aaa authentication ssh console LOCAL

http server enable

http 192.168.1.0 255.255.255.0 inside

no snmp-server location

no snmp-server contact

snmp-server enable traps snmp authentication linkup linkdown coldstart

telnet 0.0.0.0 0.0.0.0 inside

telnet timeout 5

ssh 0.0.0.0 0.0.0.0 inside

ssh 76.10.192.197 255.255.255.255 Internet

ssh timeout 30

console timeout 0

dhcpd auto_config Internet

!

dhcpd address 192.168.1.2-192.168.1.33 inside

dhcpd enable inside

!

!

class-map inspection_default

match default-inspection-traffic

!

!

policy-map type inspect dns preset_dns_map

parameters

  message-length maximum 512

policy-map global_policy

class inspection_default

  inspect dns preset_dns_map

  inspect ftp

  inspect h323 h225

  inspect h323 ras

  inspect rsh

  inspect rtsp

  inspect esmtp

  inspect sqlnet

  inspect skinny

  inspect sunrpc

  inspect xdmcp

  inspect sip

  inspect netbios

  inspect tftp

!

service-policy global_policy global

prompt hostname context

: end

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manish arora Tue, 07/27/2010 - 17:19
User Badges:
  • Silver, 250 points or more

You need an Nat Exempt statement :-

access-list nonat ext permit ip x.x.x.x 255.255.255.0 x.x.x.x 255.255.255.0

{ x.x.x.x are the subnets you dont want any natting to be done }

then add a statement

nat (inside) 0 access-list nonat


thanks

Manish

darin.miller Tue, 07/27/2010 - 17:46
User Badges:

Hi Manish,


I tried that but still same result. It still keeps pointing to that dynamic NAT statement:



max# packet-tracer input inside icmp 192.168.1.2 0 8 10.0.0.1


Phase: 1

Type: FLOW-LOOKUP

Subtype:

Result: ALLOW

Config:

Additional Information:

Found no matching flow, creating a new flow


Phase: 2

Type: ROUTE-LOOKUP

Subtype: input

Result: ALLOW

Config:

Additional Information:

in   10.0.0.0        255.255.255.0   inside


Phase: 3

Type: ACCESS-LIST

Subtype: log

Result: ALLOW

Config:

access-group inside_access_in in interface inside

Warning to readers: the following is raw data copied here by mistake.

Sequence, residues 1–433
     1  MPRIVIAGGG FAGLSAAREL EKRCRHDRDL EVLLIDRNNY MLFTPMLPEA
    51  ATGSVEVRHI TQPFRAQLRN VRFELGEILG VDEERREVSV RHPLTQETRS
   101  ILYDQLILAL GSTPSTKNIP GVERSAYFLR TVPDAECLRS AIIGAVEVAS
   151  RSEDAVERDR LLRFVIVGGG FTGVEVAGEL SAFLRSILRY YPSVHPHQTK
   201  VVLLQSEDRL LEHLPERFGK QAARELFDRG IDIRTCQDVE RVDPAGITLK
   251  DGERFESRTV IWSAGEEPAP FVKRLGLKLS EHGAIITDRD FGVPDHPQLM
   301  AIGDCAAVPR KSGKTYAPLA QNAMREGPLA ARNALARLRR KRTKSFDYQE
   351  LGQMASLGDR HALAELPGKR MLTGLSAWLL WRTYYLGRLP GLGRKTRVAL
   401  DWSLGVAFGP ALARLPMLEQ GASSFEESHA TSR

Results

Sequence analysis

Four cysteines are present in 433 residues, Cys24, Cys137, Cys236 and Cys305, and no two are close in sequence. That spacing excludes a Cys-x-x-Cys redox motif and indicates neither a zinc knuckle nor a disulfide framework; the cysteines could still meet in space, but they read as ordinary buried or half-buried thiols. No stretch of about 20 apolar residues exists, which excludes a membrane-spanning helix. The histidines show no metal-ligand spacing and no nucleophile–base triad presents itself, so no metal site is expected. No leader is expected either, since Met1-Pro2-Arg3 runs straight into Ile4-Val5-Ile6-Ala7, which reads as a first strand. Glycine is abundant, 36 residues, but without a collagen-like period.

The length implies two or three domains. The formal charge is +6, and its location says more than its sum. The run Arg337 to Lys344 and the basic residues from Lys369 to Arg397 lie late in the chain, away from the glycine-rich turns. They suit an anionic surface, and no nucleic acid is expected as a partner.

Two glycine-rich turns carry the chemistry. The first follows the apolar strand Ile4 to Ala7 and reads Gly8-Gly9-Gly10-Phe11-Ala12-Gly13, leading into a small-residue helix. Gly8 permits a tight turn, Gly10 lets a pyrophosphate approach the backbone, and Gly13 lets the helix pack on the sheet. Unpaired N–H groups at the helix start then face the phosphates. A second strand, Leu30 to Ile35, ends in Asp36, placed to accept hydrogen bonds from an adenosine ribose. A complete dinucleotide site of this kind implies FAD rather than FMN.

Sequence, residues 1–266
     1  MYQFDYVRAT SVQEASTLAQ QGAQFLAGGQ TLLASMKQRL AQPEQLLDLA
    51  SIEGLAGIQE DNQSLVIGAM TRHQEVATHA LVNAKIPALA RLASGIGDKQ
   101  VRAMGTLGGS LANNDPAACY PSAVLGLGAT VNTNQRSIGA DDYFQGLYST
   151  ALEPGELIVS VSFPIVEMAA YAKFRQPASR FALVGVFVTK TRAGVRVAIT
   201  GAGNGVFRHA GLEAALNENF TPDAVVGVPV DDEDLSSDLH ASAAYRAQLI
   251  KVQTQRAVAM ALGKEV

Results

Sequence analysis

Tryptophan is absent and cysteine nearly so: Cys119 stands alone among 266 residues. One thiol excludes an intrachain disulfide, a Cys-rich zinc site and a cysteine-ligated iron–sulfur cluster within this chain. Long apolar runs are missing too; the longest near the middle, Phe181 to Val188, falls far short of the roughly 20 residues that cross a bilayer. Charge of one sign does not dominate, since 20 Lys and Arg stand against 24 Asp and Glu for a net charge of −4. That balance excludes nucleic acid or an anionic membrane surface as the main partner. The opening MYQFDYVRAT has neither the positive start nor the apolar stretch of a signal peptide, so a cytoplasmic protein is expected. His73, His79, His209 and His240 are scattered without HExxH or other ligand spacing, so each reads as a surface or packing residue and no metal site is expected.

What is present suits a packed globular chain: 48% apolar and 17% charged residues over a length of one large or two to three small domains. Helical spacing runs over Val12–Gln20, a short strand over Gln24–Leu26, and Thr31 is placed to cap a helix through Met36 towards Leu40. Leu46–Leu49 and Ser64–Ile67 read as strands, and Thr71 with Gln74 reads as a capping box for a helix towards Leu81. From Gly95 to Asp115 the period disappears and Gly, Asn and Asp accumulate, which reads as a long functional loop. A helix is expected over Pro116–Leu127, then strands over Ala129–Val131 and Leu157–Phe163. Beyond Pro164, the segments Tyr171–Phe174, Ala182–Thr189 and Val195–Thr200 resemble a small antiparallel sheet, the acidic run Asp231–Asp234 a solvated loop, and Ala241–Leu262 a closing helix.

access-list inside_access_in extended permit ip any any

Additional Information:


Phase: 4

Type: IP-OPTIONS

Subtype:

Result: ALLOW

Config:

Additional Information:


Phase: 5

Type: INSPECT

Subtype: np-inspect

Result: ALLOW

Config:

Additional Information:


Phase: 6

Type: NAT-EXEMPT

Subtype:

Result: ALLOW

Config:

  match ip inside 192.168.1.0 255.255.255.0 inside 10.0.0.0 255.255.255.0

    NAT exempt

    translate_hits = 2, untranslate_hits = 0

Additional Information:


Phase: 7

Type: NAT

Subtype:

Result: ALLOW

Config:

nat (inside) 1 0.0.0.0 0.0.0.0

  match ip inside any inside any

    dynamic translation to pool 1 (No matching global)

    translate_hits = 2, untranslate_hits = 0

Additional Information:


Phase: 8

Type: NAT

Subtype: host-limits

Result: ALLOW

Config:

nat (inside) 1 0.0.0.0 0.0.0.0

  match ip inside any inside any

    dynamic translation to pool 1 (No matching global)

    translate_hits = 2, untranslate_hits = 0

Additional Information:


Phase: 9

Type: HOST-LIMIT

Subtype:

Result: ALLOW

Config:

Additional Information:


Phase: 10

Type: NAT

Subtype: rpf-check

Result: DROP

Config:

nat (inside) 1 0.0.0.0 0.0.0.0

  match ip inside any inside any

    dynamic translation to pool 1 (No matching global)

    translate_hits = 2, untranslate_hits = 0

Additional Information:


Result:

input-interface: inside

input-status: up

input-line-status: up

output-interface: inside

output-status: up

output-line-status: up

Action: drop

Drop-reason: (acl-drop) Flow is denied by configured rule

manish arora Tue, 07/27/2010 - 19:12
User Badges:
  • Silver, 250 points or more